This booklet is a result of webinars under the World Without World Bank campaign that brings together activists, academicians and other civil society groups to protest, respond to the World Bank’s neoliberal reforms. In 2020, the Working Group on International Financial Institutions started this campaign during the World Bank Spring Annual General meetings where similar institutions laud themselves for the achievement of doling out billions of dollars for supporting economies through the pandemic and will set the course of direction for ‘recovery’. The idea behind this campaign was to counter and expose the narrative that the Bank keeps pushing behind with no intent of inclusive and sustainable support for countries and people battling marginalization. These meetings happen twice a year attended by an entourage of self-applauding stakeholders.

Despite the pandemic and rather using the pandemic as an opportunity, the World Bank and IMF have continued their support for neoliberal reforms through development policy loans for the pandemic support. Last year, the Bank pushed for privatization of the banking sector, provided support for the new farm laws, agricultural reforms, electricity reforms, privatization, of course, of sea, rivers, the push for reforms in the health and education sector. The World Bank continues to grow its influence in India and through state partnerships impacting local governance structures, they continue to venture into new and what seemed to be more lucrative territories with the approach of maximizing finance for development, building connections with private financial entities, making finance more complex and more difficult to trace.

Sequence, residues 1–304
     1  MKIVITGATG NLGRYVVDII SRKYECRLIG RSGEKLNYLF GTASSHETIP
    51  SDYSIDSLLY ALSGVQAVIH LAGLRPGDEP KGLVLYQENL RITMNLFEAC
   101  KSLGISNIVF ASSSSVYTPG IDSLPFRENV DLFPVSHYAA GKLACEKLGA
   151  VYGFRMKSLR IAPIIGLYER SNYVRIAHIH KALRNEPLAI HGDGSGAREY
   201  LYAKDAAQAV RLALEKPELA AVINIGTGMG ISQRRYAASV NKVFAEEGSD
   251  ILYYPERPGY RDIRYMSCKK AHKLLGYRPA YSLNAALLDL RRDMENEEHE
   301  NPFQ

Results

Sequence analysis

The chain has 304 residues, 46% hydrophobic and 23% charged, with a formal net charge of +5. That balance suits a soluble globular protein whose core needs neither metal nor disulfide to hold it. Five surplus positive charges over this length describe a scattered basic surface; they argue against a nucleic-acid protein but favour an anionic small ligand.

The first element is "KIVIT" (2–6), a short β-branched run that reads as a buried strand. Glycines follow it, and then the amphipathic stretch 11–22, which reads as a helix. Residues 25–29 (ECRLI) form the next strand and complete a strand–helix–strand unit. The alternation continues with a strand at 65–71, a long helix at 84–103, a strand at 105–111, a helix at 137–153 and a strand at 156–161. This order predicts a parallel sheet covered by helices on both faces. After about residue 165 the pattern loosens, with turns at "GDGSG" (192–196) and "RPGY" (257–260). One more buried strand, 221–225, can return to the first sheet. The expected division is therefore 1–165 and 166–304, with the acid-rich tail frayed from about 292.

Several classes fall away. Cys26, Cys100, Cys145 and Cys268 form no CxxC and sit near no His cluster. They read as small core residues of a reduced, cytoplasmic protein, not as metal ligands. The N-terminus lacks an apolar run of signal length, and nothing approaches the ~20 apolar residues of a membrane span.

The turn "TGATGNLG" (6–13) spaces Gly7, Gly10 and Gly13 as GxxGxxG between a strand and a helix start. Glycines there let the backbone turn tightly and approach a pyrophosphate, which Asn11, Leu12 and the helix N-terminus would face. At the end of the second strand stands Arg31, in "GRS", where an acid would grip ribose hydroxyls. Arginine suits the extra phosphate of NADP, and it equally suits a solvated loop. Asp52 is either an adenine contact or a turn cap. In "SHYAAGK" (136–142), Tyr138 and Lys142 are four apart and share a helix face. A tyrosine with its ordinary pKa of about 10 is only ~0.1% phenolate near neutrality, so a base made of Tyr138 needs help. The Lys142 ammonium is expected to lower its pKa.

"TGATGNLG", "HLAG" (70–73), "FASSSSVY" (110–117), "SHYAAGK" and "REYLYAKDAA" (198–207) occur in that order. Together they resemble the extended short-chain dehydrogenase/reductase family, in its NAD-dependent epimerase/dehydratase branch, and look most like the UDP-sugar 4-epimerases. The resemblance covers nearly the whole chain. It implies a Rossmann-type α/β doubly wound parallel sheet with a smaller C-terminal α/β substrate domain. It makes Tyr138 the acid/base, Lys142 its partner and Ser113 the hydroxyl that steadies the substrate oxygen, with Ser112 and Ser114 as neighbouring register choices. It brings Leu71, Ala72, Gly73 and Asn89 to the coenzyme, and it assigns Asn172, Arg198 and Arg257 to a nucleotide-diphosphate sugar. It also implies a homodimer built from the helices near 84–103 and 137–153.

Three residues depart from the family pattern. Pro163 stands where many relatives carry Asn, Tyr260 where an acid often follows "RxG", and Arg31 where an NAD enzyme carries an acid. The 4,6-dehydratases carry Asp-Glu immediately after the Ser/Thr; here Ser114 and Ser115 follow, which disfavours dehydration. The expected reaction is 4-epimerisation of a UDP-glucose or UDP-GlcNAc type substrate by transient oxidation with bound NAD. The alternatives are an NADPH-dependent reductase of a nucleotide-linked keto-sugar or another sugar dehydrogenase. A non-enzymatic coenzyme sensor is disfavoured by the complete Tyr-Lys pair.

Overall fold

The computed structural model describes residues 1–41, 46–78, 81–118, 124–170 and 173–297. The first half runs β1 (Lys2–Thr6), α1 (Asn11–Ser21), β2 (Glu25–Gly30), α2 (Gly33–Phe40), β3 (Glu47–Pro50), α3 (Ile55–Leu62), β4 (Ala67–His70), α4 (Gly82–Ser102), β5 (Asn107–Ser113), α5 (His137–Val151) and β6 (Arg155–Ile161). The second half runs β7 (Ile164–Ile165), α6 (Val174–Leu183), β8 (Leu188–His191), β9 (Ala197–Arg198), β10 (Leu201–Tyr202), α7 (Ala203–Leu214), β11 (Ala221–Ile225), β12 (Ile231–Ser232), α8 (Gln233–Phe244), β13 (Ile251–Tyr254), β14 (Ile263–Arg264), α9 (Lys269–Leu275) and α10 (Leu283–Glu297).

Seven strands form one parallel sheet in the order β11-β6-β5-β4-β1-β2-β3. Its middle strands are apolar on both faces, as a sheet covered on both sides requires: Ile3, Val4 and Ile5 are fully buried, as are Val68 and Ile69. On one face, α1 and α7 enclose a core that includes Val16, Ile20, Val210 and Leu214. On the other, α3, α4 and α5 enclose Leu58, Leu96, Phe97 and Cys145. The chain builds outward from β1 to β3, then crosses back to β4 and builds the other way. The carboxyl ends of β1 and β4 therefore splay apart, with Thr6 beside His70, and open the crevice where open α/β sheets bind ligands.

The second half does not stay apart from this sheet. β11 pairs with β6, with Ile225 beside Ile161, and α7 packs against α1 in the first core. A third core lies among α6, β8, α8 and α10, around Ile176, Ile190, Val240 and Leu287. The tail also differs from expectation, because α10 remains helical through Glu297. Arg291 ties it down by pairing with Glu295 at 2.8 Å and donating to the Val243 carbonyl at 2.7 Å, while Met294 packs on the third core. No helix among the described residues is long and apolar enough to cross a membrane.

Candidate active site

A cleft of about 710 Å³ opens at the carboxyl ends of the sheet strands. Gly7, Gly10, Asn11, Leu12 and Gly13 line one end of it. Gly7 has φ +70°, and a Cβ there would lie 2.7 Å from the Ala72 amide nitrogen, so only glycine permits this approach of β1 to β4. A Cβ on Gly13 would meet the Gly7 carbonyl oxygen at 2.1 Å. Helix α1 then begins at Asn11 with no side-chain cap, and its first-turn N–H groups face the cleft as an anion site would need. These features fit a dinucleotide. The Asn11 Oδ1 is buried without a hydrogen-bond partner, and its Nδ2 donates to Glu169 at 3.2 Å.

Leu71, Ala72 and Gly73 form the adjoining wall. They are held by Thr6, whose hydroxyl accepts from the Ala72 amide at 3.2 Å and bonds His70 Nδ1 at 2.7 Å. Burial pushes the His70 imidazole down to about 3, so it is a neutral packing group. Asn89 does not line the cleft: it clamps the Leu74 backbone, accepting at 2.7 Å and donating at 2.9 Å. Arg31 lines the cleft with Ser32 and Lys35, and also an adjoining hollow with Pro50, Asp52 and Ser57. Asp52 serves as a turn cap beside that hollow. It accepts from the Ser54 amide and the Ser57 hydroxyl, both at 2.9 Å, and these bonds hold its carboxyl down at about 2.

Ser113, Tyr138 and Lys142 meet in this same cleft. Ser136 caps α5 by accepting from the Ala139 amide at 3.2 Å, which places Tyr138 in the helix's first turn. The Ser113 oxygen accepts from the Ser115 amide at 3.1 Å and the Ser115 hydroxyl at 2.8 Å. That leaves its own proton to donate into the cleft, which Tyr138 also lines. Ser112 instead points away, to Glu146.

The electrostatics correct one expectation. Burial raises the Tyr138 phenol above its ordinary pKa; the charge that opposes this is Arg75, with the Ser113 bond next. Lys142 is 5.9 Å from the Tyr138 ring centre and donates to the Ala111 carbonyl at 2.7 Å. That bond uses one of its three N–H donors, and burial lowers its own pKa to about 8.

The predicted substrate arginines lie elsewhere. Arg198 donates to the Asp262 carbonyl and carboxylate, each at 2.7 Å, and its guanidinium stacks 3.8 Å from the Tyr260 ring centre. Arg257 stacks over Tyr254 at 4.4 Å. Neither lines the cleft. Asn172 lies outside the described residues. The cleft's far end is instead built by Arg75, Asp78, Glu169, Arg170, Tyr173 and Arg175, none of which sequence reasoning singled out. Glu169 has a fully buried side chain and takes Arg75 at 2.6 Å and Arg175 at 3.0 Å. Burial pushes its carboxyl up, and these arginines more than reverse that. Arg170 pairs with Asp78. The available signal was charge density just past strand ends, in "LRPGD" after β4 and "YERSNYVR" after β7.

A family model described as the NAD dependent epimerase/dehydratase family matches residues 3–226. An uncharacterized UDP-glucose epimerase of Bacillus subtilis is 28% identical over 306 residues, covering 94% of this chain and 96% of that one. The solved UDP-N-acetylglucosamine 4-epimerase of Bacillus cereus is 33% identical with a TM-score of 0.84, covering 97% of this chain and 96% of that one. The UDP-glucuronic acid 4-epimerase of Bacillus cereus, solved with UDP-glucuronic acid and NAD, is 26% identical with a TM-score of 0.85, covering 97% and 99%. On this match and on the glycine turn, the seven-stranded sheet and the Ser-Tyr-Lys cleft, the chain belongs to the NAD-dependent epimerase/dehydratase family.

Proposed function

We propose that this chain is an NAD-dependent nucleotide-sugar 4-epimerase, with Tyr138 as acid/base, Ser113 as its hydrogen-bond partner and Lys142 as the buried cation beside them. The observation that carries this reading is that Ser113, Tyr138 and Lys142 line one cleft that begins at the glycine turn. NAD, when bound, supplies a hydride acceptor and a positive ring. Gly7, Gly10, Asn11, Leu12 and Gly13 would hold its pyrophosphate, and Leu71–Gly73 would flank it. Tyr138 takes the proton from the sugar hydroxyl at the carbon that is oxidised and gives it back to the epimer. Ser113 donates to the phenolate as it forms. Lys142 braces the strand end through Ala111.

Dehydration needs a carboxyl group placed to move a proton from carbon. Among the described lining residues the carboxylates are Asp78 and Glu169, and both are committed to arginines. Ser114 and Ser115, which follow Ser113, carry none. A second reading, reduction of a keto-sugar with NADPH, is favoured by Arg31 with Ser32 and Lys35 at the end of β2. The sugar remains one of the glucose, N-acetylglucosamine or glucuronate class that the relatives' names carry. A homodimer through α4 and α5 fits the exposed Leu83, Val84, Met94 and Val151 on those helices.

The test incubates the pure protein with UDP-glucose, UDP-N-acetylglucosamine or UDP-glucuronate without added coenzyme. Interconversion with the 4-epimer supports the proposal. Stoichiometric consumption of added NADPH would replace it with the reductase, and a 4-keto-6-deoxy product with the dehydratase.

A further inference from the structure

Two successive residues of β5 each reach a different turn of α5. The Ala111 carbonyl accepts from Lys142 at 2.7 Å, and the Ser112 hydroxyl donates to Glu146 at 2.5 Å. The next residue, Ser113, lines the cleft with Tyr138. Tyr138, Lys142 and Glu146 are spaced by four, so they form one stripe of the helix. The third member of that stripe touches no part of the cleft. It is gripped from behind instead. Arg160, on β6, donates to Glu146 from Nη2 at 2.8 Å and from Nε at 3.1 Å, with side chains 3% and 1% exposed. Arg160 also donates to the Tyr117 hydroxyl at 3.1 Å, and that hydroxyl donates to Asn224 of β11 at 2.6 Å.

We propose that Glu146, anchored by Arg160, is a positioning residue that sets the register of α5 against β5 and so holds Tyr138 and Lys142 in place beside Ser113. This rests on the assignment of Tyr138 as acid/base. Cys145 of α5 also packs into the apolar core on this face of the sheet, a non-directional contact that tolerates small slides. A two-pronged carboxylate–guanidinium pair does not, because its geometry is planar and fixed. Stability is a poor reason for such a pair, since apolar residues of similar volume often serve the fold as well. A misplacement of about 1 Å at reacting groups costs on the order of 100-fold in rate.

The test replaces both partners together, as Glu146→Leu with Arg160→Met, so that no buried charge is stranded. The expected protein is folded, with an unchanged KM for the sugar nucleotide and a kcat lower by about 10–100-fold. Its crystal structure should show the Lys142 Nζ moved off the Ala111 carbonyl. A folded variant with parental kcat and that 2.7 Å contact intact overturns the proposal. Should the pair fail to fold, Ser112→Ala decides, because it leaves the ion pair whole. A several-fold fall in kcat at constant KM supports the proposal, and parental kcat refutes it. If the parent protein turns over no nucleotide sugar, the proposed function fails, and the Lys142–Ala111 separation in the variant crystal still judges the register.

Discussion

Under the banner of ‘World Without World Bank’, numerous civil society organizations in India come together to try and expose the bank for what it really is from what it claims to be and to understand the wide-ranging impacts of World Bank financing  on India’s political economy. The idea is to make international finance an anchor to some of these debates and make people’s voices heard.

Often it is easy to formulate policy recommendations that are neat on paper, present technocratic solutions to very nuanced problems that plague Indian agriculture. However, in a country where most farmers fall off the grid in definitional enquiry, the need to go multiple steps ahead is even more imminent. These contentious farm bills are about agricultural markets and agricultural supply chains and about tone-deaf solutionism. Through these edited transcripts, we hope that our readers get a sense of the various issues and perspectives that remain important to the understanding of the larger debates around the farm bill.

Read and download the full report here: Sowing Trouble Contextualizing India’s Farm laws against the backdrop of World Bank and IMF 1

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